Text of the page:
DETROIT -- Ford Motor saw its credit rating downgraded to "junk" status by Moody's Investors Service late Monday.
The impact of the action, which occurred after the stock market closed, could increase the cost of borrowing money because the automaker is considered a higher credit risk -- sort of like a higher interest rate on a car loan for someone with a low credit score.
"Ford remains very confident in our plan and progress," the carmaker said in a statement. "Our underlying business is strong, our balance sheet is solid and we have plenty of liquidity to invest in our compelling strategy for the future. As Moody's notes, we are already addressing two of its primary concerns: operating inefficiency and our China business. The agency also calls out our 'sound' balance sheet and liquidity position, and expects our global redesign and new products to contribute to improvement in earnings, margins and cash generation."
Moody's said the downgrade reflects the company's anemic global business position and "considerable operating and market challenges facing Ford, and the weak earnings and cash generation likely as the company pursues a lengthy and costly restructuring plan."
However, the outlook is "stable," the debt ratings agency said, noting that its $23 billion in cash exceeds its debt.
Ford has undergone an $11 billion restructuring, and a cash cost of about $7 billion, Moody's wrote. "Ford is undertaking this restructuring from a weak position as measures of cash flow and profit margins are below our expectations, and below the performance of investment-grade rated auto peers."
Cash flow and profit margins are likely to remain weak and Ford faces such difficulties at a time auto markets are softening, Moody's said. Ford "does have a sound balance sheet and liquidity position from which to operate," Moody's said.
It added, "The alliance with Volkswagen AG will provide important long-term benefits to Ford's position in electric vehicles, autonomous vehicles and commercial vehicles. Nonetheless, Moody's anticipates only minimal impact on Ford's earnings and cash generation before 2022."
Shares of Ford fell after ending the regular trading day up 2.1% at $9.54.
Industry analyst Jon Gabrielsen said the rating is a considerable concern for companies because, as the auto industry goes into a downturn, carmakers like Ford generally need to do considerable borrowing.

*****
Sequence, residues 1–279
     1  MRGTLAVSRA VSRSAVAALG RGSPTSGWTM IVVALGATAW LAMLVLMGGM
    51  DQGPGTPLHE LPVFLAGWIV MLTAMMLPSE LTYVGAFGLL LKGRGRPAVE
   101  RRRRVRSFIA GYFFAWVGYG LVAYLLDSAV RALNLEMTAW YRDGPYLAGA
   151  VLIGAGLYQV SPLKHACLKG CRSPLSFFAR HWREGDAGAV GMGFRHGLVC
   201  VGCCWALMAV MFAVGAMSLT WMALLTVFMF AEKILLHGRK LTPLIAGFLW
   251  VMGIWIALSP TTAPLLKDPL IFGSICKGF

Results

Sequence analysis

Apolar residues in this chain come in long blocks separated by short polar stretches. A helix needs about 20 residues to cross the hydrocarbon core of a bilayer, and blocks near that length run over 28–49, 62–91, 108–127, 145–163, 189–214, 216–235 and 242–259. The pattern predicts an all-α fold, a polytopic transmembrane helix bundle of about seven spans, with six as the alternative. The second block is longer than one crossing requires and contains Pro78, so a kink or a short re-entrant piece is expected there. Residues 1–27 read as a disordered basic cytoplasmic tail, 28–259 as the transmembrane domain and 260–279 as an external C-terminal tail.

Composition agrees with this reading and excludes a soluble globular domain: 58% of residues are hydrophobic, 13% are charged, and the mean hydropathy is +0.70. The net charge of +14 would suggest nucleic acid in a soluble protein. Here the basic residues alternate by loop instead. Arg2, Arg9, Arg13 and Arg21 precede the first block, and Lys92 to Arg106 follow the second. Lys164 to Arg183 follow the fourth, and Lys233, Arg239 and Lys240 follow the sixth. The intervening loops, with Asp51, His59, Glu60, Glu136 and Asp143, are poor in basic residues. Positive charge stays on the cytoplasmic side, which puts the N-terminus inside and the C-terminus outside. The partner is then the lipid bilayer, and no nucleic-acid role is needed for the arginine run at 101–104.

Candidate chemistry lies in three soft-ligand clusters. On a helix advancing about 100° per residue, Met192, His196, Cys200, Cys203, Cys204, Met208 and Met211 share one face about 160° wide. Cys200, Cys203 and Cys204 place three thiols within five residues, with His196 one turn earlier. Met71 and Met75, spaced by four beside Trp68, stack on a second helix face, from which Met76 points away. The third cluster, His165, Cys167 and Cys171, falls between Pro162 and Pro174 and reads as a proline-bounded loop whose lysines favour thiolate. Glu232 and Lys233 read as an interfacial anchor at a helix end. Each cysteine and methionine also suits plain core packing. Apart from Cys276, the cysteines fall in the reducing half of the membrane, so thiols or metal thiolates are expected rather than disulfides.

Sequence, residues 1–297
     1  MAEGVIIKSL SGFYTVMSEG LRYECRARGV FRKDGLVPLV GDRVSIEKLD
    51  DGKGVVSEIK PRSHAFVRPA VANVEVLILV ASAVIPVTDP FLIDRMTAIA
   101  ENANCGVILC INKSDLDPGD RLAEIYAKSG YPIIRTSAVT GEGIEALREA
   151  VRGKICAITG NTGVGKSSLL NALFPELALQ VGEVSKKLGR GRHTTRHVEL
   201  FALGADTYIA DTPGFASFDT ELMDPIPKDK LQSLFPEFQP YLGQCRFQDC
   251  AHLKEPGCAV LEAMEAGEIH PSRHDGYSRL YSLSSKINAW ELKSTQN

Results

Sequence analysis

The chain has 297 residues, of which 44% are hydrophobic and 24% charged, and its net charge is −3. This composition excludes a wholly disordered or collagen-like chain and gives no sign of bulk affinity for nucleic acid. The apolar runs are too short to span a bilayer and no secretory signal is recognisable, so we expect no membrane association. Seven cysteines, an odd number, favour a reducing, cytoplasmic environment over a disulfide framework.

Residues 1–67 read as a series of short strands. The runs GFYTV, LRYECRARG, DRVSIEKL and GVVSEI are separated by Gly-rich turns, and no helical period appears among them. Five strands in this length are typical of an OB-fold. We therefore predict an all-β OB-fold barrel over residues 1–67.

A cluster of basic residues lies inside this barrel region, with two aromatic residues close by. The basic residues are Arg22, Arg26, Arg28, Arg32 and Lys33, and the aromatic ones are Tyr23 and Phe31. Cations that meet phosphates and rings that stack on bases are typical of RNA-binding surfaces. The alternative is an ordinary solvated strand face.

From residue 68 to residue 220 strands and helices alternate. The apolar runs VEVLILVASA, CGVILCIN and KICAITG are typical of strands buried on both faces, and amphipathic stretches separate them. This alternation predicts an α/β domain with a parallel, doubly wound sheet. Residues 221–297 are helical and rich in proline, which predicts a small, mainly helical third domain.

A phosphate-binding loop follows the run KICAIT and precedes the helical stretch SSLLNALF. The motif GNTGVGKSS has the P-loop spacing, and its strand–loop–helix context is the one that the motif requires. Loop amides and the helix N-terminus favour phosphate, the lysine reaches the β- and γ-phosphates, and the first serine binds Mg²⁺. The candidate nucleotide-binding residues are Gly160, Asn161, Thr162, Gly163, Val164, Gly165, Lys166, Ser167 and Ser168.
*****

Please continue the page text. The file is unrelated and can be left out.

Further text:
"Moody's rating agency is everything," he said. "Anytime major investors see a downgrade to junk status, which shows a higher risk, it tends to cause the stock price to go down."
Moody's wrote: "The erosion in Ford's performance has occurred during a period in which global automotive conditions have been fairly healthy."
Moody's cited Ford's "operating inefficiencies" in "almost all" of Ford's key markets. "An upgrade of Ford during the near term is unlikely."
David Kudla, CEO and chief investment strategist with Mainstay Capital Management, is a Grand Blanc investment adviser who manages $2.5 billion in assets for clients who include many Ford employees.
He said the downgrade on Monday is "unfortunate for Ford" because things are only getting tougher in the auto industry. Junk status means fewer pension funds and other institutional investment funds will be able to buy Ford bonds.
"Even though you have cash, you are going out and securing debt from time to time, and it's costlier to do that when that line in the sand is crossed from investment grade to junk," Kudla said. "We're in an environment where we think the economy is looking toward harder times, not better times."
While both Ford and General Motors are stocking up on cash for an expected downturn, he said, securing debt is still necessary for big capital projects.
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